'Kabamba' circumcision mask photographed by Northcote Thomas in Mamaka, Sierra Leone in 1914
‘Kabamba’ circumcision mask photographed by Northcote Thomas in 1914 in Mamaka, present-day Yoni chiefdom, Tonkolili District, Central Sierra Leone (NWT 5895, 5896; RAI 400.38234, MAA P.33552.)
Circumcision masks photographed by Northcote Thomas in Sierra Leone in 1914
Left: Circumcision mask photographed by Northcote Thomas in 1914 in Matotaka, present-day Tane chiefdom, Tonkolili District (NWT 5495; RAI 400.37821). Right ‘Kabamba’ circumcision mask photographed by Northcote Thomas in 1914 in Robinkie, Mayoso, present-day Kholifa Rowala chiefdom, Tonkolili District (NWT 5514; MAA P.33234).

Once the initiands’ wounds have healed, they follow a masked figure – known as Bemba, Kabemba or Ayuke – back into the town, where they dance all night wearing long gowns (runku). Thomas records that in some towns the mask is worn by the man who conducts the circumcision operation (ayunkoli).

Following the ceremonies, Thomas states that the circumcision mask and its raffia costume are generally kept; although he notes that in some places they are thrown into the bush, presumably to decay. Thomas photographed examples of the Kabemba mask in Mamaka, Matotaka and Mayoso, and he also collected one in Mapori (Mafori?), with its fibre and palm-leaf dress, which he notes in his Report is ‘now in the Cambridge Museum of Ethnology’. We were able to identify and photograph this mask during our research with the Thomas collections at the museum, now called the Museum of Archaeology & Anthropology.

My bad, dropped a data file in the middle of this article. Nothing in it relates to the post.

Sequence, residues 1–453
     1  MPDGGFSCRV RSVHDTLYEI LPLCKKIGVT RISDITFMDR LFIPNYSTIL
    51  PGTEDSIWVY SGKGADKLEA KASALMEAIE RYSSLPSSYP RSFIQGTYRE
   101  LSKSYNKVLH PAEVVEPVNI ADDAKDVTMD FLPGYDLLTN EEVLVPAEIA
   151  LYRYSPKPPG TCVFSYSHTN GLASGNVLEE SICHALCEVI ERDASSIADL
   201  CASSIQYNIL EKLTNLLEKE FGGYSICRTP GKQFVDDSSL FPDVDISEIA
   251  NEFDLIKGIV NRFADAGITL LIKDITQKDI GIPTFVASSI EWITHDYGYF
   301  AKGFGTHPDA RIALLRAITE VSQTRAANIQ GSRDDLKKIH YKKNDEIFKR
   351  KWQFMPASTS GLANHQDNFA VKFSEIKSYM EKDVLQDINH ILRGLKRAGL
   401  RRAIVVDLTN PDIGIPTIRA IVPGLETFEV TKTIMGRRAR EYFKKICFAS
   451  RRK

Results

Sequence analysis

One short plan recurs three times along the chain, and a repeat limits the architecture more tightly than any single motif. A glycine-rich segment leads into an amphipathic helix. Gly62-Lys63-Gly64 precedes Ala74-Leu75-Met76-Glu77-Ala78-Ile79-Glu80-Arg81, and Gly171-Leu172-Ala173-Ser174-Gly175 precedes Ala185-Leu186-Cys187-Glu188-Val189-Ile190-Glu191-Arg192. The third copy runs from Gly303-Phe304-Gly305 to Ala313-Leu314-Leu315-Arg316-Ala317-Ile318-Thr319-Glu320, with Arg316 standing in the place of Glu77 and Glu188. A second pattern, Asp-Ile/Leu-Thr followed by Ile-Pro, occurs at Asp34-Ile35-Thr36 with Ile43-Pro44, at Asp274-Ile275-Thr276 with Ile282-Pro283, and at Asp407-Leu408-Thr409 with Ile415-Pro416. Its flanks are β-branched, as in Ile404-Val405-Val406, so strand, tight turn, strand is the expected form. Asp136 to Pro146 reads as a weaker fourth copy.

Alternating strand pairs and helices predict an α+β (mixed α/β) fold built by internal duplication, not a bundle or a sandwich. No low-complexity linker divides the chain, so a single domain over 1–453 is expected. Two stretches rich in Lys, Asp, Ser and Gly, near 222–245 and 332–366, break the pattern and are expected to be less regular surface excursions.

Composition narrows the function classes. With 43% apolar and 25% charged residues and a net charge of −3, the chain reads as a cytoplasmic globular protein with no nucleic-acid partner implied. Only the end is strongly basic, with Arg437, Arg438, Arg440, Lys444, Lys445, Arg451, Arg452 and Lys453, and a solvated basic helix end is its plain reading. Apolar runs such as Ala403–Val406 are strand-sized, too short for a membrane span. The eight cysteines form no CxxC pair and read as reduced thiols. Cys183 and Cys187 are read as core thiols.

Kabimba circumcision mask collected by Northcote Thomas in Mapori, Sierra Leone in 1914
‘Yuke’ or Kabimba circumcision mask, worn at dance in town’, collected by Northcote Thomas in Mapori near Kamalo in present-day Sanda Loko chiefdom, Bombali District, Northern Sierra Leone. (NWT 49; MAA Z 14480.1.)
‘The Kabemba Mask: Curator’s Notes with Bill Hart’. Bill Hart, a specialist on Sierra Leonean material culture, discusses the mask of the Kabemba masquerade, using examples from the British Library collections. This short video was made as part of the AHRC-funded ‘Reanimating Cultural Heritage’ project (www.sierraleoneheritage.org).

Further reading

  • Alldridge, T. J. (1901) The Sherbro and Its Hinterland. London: Macmillan.
  • Dorjahn, V. R. (1961) ‘The Initiation of Temne Poro Officials’, Man 61: 36-40.
  • Hart, W. A. (1986) ‘Aron Aarabai: The Temne Mask of Chieftaincy’, African Arts 19(2): 41-45+91.
  • Lamp, F. J. (2005) ‘The Royal Horned Hippopotamus of the Keita of Temne: “A-Rong-a-Thoma”‘, Yale University Art Gallery Bulletin: 36-53.
  • Phillips, R. B. (1995) Representing Woman: Sande Masquerades of the Mende of Sierra Leone. Los Angeles: UCLA Fowler Museum of Cultural History.
  • Thomas, N. W. (1916) Anthropological Report on Sierra Leone, Part 1: Law and Custom. London: Harrison & Sons.

Fieldnotes: Chief Suri Kandeh’s kingbatankeh

PC Kandeh Sori Kankanday III of Samaya pictured with his illustrious ancestor Chief Suri Kandeh
Paramount Chief Kandeh Sori Kakanday III of Samaya, pictured with Northcote Thomas’s photograph of his ancestor Chief Alimami Suri Kandeh. Both wear the kingbatankeh as part of the regalia of office. Photograph by Paul Basu.